Panetta, Mullen to Pressure Pakistan on Terrorism
By Donna Miles
American Forces Press Service
WASHINGTON, Sept. 20, 2011 Although not yet willing to blame the Haqqani network for assassinating the former Afghan president, Pentagon leaders emphasized today that they will continue to pressure Pakistan to keep insurgents there from spilling into Afghanistan.
“Our biggest concern right now is to put as much pressure as possible on the Pakistanis to exercise control from their side of the border,” Defense Secretary Leon E. Panetta said during a Pentagon news briefing with Navy Adm. Mike Mullen, chairman of the Joint Chiefs of Staff.
“We have continued to state that this cannot happen. We cannot have the Haqqanis coming across the border attacking our forces and [Afghans] and disappearing back into a safe haven,” the secretary said. “That is not tolerable, and we have urged them to take steps.”
Panetta declined to discuss specific strategies, including whether the United States would consider unilateral action. He did say, however, “We are going to take whatever steps are necessary to protect our forces.”
It’s in the best interest of the Pakistanis to deal with terrorists within their borders, he said.
“Frankly, terrorism is as much a threat for them as it is for us,” he said. “And we keep telling them you can’t choose among terrorists. If you are against terrorism, you have to be against all forms of terrorism. And that is something we just have to continue to stress.”
Mullen said he made clear during his meeting last week with Pakistani Army Chief of Staff Gen. Ashfaq Parvez Kayani that Pakistan needs to do more. Among issues he raised were the Haqqanis’ proxy ties to Pakistan’s Inter-Service Intelligence agency and their role in killing coalition troops and Afghans in Afghanistan.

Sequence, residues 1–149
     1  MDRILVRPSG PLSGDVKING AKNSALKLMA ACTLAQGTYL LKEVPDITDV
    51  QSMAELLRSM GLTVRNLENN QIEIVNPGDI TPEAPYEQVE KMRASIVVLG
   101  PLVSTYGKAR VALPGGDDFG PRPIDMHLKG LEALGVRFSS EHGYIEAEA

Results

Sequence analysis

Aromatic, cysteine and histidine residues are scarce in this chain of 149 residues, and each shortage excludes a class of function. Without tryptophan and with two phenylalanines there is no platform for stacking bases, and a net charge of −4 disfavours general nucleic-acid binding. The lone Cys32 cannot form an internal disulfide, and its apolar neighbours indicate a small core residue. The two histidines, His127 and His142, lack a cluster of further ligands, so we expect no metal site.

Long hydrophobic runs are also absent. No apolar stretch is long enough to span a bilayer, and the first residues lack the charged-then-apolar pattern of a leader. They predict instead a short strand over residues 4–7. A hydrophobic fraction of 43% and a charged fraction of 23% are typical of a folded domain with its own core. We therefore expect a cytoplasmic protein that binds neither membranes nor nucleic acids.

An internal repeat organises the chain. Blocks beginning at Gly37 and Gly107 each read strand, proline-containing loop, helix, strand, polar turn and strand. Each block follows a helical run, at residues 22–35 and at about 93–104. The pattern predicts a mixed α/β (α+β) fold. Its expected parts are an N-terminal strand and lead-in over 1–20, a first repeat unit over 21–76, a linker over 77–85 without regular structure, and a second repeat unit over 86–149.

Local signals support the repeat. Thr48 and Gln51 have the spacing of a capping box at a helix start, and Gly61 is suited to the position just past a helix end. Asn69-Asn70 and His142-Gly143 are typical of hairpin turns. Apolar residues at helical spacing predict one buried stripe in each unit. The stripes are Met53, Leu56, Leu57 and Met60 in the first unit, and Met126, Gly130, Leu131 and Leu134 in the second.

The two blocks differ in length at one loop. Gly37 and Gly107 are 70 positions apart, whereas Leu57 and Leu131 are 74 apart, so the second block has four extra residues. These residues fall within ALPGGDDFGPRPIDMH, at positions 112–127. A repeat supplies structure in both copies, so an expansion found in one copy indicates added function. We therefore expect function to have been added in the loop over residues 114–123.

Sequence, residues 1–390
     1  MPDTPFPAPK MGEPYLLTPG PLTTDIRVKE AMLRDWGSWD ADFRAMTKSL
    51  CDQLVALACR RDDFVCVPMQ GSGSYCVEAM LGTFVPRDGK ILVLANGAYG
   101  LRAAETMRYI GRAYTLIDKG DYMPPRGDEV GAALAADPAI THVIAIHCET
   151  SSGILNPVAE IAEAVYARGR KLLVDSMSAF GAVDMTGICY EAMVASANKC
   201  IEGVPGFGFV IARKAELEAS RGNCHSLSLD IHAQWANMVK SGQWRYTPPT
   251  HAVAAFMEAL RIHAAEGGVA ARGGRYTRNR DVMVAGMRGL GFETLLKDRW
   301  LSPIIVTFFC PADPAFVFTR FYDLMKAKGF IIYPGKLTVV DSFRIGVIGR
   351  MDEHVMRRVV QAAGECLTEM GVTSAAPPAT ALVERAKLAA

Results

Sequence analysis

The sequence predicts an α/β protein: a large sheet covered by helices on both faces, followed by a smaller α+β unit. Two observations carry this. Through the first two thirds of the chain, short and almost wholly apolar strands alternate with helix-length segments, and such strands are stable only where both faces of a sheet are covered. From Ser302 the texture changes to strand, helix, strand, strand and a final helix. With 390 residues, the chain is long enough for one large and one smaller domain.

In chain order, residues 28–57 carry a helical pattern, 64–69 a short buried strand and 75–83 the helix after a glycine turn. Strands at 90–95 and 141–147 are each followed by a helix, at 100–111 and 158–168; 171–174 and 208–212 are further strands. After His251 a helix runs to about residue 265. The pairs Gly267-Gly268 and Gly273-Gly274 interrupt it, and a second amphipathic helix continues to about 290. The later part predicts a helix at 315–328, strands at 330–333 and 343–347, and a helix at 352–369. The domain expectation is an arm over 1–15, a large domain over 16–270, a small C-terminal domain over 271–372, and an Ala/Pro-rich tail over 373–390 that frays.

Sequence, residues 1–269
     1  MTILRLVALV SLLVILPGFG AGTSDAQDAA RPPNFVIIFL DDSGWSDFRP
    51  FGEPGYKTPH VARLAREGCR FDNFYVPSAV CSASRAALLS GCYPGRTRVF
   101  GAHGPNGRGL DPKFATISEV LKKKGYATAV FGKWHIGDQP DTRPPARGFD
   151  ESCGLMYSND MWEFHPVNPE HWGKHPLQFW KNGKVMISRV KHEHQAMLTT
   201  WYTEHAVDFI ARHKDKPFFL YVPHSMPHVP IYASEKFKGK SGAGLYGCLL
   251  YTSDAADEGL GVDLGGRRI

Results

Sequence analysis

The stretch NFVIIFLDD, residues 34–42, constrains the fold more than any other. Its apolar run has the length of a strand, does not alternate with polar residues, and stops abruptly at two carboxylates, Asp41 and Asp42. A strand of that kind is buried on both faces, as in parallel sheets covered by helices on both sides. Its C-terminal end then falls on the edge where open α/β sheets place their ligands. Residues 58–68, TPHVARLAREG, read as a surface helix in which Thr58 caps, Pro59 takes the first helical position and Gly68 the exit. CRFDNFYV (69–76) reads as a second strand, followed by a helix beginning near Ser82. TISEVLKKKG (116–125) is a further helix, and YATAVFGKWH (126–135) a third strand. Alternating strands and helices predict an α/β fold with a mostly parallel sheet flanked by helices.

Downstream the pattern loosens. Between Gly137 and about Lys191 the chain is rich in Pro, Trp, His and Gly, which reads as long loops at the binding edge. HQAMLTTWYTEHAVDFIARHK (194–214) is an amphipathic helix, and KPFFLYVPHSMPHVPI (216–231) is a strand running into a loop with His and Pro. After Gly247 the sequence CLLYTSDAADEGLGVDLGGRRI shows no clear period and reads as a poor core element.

“It was the heart of the discussion,” Mullen reported, emphasizing that this activity “has to stop.”
“That is not a new message, but it is one that [Kayani] clearly understands,” Mullen said. “And I think it is one we have to keep reiterating.”
Mullen credited the strong relationship he and Kayani have built with helping them work through difficult periods between their two countries. “It is going to go up and down,” he said of the U.S.-Pakistan relationship. “We have had a very tough patch here over the last several months.”
Based on current information, Mullen said he cannot confirm that the Haqqanis were behind the death of Burhanuddin Rabbani, the senior Afghan official in charge of negotiating with the Taliban. Panetta called the killing of Rabbani, reportedly by a suicide bomber who hid explosives in his turban, a blow to the reconciliation and reintegration process in Afghanistan.
“I regret his loss. I think he was playing an important role,” Panetta said. “I am hopeful that we will be able to work with others to try to continue the efforts that he was engaged in.”
The assassination was among other recent high-profile attacks that Mullen said reflect an apparent shift in the Taliban’s overall strategy.
“They have not succeeded on the ground this year. Their campaign has failed in that regard,” he said, causing them to resort to high-profile attacks.
Marine Corps Gen. John R. Allen, the top U.S. and NATO commander in Afghanistan, described last week’s Haqqani attack on the U.S. Embassy in Kabul an operational failure. Mullen acknowledged, however, that it had strategic significance.
“So we take it very seriously as a part of the campaign,” he said. “We know that this is what the Taliban is doing, and we have got to adjust and we are doing that.”
Panetta said the coalition is working with the Afghans to discuss ways to better protect against future attacks. But the Taliban’s change of strategy, he added, shows that its leaders realize they are losing ground in Afghanistan.
“The bottom line still remains that that we are moving in the right direction,” Panetta said. “We have made progress against the Taliban, but we can’t let some of these sporadic events deter us from the progress that we are making.”